Why Most Arguments Suck – Make Yours Better
Ever wonder why there’s a whole lot of sparring and not a whole lot of understanding these days? It’s because people only argue from their point of view. A persuasive argument leverages the other’s peson’s beliefs and speaks from their perspective. Today’s “debates” with their “sound-bites” are just rallying cries and not true argument. A true argumentor finds the kernel of disagreement and sifts through the chaff of agreement.
Here’s my rules of argument:
Rule #1: If you don’t understand the other side’s argument AND can justify it — don’t start arguing, start asking.
For rule #1, I think about the abortion debate. I think about all the people who accuse each other about being “killers” or “legislating my body.” If you’re berating the other side, there’s no use arguing because neither side will give in.
A good persuader will ask first, rephrase their beliefs looking for confirmation and then argue.
For argument’s sake let’s take the side of pro-life. We would ask someone when they believe life exists and choice retreats. They would likely answer “at birth.” So it might seem that our kernel of disagreement is at what point life exists. But that’s not true: you need to test it with an assumption. Try asking this question: if at any point during a pregnancy, with minimal invasiveness, an embryo could be transferred to a test-tube with no ill physical or mental effects, would you support this alternative to abortion? Notice we’re still talking about their beliefs, but we’re finding out whether their objection is to a chain a woman’s body to pregnancy without a say or something else. If the answer is negative, then follow-up questions should find where or if that switch could ever be made.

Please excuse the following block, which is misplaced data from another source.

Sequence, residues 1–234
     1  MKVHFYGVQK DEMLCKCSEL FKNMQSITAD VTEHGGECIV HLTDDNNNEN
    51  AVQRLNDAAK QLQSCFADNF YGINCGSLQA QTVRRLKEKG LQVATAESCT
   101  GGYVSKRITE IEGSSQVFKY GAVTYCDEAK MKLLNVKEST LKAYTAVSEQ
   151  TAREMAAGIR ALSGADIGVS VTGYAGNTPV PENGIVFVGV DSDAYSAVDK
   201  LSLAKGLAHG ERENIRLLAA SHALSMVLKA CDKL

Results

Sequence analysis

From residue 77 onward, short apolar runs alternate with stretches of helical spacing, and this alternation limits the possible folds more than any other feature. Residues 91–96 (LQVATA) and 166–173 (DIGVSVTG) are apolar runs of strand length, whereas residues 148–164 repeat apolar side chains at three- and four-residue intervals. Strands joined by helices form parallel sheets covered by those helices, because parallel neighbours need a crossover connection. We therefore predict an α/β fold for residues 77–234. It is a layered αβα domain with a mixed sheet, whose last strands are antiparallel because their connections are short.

Rule #2: Be willing to do the same exploration AND change your mind.
It’s not worth talking with someone unless you both can benefit from the other’s experience. However, if you’re following rule #1, it is difficult to have a closed mind. You might be sure of yourself, but not closed.
Turning the last situation around: a pro-choice person would ask the pro-life person when a person should be forced to sustain someone else’s life. Should I be required to give up one of my kidneys to save someone else’s life? my child’s life? Should I be required to feed my child at the expense of my health? What if there was only enough sustenance for one of us – which is right? which should be required by law? How far should a pregnant person be required to go to save the baby’s life? bankruptcy? house? to protect the baby’s life? alcohol? seatbelts? Find the limits where people switch and then confirm in your own words.
Rule #3: Talk in their language, not yours.
If you are arguing you should have 2 goals: acquisition of information and persuation. You’re not going to be effective in either one if you force someone into your framework of understanding. Use their words and their framework. Their foundation and beliefs are different and that’s GOOD. Its your job to understand it.
Notice my word change above depending on who I’m talking to: baby vs. embryo. A framework is not complete without terminology. Look at math and physics. If you don’t know the terminology, you can never hope to understand the framework (proofs).
Rule #4: If it changes to violent, stop and walk away.
There are a few reasons to be violent, either by raising your voice or getting physical. The only things that come to mind are protection from robbery or protests against the majority stomping on the minority (think Martin Luther King). Generally, there are better ways to solve things.
In fact, if you stop when someone gets hot under the collar and don’t give them a reason to label you (that guy is just a bully, or he was blowing smoke because he came unglued), you just made them think about why they’re steamed and why you’re not. People like to be consistent and don’t like to be mad without justification. If you don’t give them that justification, they might just think about what you said.
If you’re the one hot under the collar, consider why you feel that way.
For example, I don’t get mad at people who call my wife or mother nasty things. I know they are fantastic individuals. I usually comment about how their comment says more about them than my family and walk away.
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